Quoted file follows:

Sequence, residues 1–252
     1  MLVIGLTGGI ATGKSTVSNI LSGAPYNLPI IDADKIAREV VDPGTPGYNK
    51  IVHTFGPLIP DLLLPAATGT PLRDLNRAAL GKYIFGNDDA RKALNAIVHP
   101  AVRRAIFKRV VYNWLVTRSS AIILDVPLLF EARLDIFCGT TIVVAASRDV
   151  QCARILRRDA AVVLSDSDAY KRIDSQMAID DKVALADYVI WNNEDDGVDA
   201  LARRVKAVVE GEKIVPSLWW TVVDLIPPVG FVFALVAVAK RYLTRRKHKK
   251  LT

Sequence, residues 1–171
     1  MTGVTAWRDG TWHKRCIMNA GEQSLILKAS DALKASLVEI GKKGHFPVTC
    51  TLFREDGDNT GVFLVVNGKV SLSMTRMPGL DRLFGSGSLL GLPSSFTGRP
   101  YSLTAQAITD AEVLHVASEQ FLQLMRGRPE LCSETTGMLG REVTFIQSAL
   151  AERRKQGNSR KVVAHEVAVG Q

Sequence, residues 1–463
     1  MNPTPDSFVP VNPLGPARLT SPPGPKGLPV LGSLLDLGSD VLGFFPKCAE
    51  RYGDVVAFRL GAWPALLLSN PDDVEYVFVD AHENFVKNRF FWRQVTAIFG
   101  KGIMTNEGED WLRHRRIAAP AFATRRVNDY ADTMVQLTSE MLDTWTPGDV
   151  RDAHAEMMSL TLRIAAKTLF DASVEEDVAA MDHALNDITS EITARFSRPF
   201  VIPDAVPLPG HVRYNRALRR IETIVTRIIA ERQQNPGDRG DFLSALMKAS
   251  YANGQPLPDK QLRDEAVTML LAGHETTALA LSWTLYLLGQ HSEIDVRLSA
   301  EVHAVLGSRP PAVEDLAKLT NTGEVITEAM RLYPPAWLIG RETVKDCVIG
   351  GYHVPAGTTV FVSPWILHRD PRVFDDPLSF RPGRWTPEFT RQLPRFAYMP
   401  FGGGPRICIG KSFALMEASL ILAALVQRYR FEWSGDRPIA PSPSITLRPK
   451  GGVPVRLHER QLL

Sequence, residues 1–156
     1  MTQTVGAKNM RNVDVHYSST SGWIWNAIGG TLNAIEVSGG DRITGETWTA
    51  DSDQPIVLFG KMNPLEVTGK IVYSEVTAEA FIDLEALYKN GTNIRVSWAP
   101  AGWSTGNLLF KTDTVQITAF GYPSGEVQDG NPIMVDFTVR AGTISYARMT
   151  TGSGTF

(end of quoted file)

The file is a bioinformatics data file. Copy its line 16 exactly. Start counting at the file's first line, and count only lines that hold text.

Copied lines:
   101  KGIMTNEGED WLRHRRIAAP AFATRRVNDY ADTMVQLTSE MLDTWTPGDV